Change arrives today in the Buffalo School District. That change has a name: Carl Paladino, the voluble developer turned politician turned educator who takes his seat on the School Board today. It will make a difference. The only question is, what kind?
Paladino isn’t the only fresh face on the School Board. May’s elections also brought two other new board members, both of whom appear to bring significant strengths to the urgent task of turning around Buffalo schools: James M. Sampson, president and CEO of the Gateway-Longview child services agency, and Theresa A. Harris-Tigg, an assistant professor at SUNY Buffalo State.
Together, these new board members, along with the just re-elected Jason M. McCarthy, could make a difference in the lives of students. The question is whether they will – or can – work together, and with the holdover members. Whatever the prospects for that are, Paladino’s influence is likely to make it challenging.
It is an ironic moment for Paladino to take public office. He is a bare-fisted brawler when it comes to achieving his goals, but he has this much in common with his previous political adversary, Gov. Andrew M. Cuomo: he is not afraid to disrupt the status quo.
Cuomo, a polished politician holding a powerful office, has recently succeeded in breaking two long-standing logjams in Western New York: the standoff over casino payments due the state and cities here, and years of inaction on the Peace Bridge.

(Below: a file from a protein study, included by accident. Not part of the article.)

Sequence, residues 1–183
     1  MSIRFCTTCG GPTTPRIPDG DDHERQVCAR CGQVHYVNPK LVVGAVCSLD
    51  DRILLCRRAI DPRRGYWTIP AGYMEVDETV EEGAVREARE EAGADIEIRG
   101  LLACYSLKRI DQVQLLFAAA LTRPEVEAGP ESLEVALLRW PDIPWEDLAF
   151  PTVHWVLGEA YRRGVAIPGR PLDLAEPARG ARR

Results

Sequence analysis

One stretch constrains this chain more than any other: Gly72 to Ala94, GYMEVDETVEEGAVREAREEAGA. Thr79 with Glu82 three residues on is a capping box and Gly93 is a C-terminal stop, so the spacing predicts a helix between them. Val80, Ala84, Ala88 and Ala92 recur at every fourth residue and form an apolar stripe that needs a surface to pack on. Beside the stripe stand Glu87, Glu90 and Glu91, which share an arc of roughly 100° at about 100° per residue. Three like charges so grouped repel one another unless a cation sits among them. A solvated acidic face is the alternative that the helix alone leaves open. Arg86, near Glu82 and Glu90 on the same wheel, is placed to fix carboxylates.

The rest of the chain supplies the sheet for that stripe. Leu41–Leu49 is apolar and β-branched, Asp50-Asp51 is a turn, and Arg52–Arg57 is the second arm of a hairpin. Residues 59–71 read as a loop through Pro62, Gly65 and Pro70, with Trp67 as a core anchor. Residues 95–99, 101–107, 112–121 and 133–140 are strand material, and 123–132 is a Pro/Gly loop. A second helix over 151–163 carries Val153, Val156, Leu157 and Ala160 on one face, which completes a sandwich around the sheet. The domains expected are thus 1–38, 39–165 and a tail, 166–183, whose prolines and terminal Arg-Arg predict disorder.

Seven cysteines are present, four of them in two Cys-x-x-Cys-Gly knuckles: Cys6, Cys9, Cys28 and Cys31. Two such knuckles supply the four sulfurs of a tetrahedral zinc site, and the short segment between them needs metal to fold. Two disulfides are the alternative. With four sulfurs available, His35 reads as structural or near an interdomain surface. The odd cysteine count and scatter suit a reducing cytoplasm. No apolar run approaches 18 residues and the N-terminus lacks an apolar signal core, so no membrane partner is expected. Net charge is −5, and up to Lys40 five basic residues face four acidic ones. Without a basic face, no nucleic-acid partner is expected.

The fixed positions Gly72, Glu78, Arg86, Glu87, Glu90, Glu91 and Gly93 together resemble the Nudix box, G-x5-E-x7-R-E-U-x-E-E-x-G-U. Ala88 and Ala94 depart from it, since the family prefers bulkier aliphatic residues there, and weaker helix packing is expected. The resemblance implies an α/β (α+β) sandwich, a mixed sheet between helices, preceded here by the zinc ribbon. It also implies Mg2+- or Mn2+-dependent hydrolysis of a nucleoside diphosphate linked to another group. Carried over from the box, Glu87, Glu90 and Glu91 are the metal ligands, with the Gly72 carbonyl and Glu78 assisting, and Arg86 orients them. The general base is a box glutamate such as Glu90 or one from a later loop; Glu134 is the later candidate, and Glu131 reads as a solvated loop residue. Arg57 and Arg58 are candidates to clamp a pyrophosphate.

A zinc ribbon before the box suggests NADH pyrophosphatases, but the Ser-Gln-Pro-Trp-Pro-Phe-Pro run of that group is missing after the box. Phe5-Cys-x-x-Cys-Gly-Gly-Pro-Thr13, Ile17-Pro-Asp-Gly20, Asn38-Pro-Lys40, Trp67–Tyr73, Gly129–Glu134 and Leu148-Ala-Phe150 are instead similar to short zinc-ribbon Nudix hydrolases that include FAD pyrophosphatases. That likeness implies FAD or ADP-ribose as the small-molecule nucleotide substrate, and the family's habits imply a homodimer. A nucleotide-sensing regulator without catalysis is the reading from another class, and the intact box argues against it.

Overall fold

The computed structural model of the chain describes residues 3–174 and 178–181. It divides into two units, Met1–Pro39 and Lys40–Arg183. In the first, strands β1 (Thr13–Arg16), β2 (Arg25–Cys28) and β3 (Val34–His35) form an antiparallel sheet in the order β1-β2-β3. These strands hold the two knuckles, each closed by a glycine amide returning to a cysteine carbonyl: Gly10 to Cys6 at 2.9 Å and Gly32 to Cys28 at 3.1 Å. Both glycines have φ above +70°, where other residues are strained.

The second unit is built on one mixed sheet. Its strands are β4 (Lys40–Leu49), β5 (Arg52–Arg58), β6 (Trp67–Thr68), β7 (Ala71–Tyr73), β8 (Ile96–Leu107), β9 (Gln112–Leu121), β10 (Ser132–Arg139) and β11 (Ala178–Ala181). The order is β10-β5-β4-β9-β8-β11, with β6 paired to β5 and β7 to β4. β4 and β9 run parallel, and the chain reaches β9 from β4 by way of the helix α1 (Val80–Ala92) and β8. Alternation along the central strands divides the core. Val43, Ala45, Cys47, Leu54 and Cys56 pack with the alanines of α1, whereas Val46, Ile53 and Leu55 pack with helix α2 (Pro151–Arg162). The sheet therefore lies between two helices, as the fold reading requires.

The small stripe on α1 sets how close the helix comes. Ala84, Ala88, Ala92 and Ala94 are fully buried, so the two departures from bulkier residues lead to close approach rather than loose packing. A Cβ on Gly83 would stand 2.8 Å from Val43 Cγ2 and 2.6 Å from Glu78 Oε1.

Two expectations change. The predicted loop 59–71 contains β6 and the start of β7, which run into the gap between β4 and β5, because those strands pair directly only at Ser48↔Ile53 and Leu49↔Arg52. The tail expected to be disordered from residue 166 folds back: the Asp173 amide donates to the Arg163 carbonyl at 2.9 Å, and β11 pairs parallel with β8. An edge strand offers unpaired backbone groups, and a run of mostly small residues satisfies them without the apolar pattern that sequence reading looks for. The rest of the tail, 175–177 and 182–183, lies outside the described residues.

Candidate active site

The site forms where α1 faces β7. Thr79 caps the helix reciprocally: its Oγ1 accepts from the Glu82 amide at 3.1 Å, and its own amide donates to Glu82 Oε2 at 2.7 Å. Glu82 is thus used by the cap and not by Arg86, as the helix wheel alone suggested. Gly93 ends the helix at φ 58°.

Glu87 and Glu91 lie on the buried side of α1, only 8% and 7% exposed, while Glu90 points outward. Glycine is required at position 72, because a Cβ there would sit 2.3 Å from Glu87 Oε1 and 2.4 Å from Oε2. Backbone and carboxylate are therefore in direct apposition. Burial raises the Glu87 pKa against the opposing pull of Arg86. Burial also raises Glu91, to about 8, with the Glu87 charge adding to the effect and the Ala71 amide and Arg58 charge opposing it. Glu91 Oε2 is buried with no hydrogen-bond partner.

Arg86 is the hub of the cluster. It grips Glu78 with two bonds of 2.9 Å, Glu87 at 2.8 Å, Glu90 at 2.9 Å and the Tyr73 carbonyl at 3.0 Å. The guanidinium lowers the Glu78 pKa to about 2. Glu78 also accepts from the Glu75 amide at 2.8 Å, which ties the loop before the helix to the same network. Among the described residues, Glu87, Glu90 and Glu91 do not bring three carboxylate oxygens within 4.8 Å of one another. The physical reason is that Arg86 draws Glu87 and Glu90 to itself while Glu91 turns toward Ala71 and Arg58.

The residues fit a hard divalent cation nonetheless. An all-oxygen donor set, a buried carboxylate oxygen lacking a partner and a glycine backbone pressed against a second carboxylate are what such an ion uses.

Like Paladino, Cuomo showed himself to be as tough as nails, but he also demonstrated patience and skill. Paladino has had his successes, as well, including the removal of the Interstate 190 tollbooths, but his temperament is volatile. There is no finesse in his approach to anything. Will that work on a more formidable task than Cuomo faced and in a position that requires forming partnerships? No one likes being bullied, especially accomplished people like Sampson and Harris-Tigg.
Still, the board is ripe for disruption. Just last week, in a transparent attempt to push through the annual evaluation of Superintendent Pamela C. Brown, the board voted 8-1 to approve the evaluation, even though board members didn’t have a final copy of it.
Paladino has criticized Brown harshly and often, and has said his first official act will be an effort to remove her from a position for which he says she is ill-suited. He is not alone among civic leaders in doubting her abilities, although student performance reports for her first year on the job are not yet available. Regardless, if the outgoing School Board was not trying to protect her from something, it went out of its way to make it seem that way.
More broadly and significantly, the board has failed in the task of improving the education of Buffalo students. Graduation rates from last year plunged 7 percentage points in Buffalo, the biggest decline of any of the state’s Big 5 school districts and the second-worst showing overall.
The community has a lot riding on the new board, and especially on Sampson, Harris-Tigg and Paladino. They have taken on a task that is massive in both complexity and significance. The test of their success will not be in their passion – though that matters – but in their ability to see that Buffalo students have the skills to pursue productive and rewarding lives.
Sound and fury will be fine, as long as it signifies something.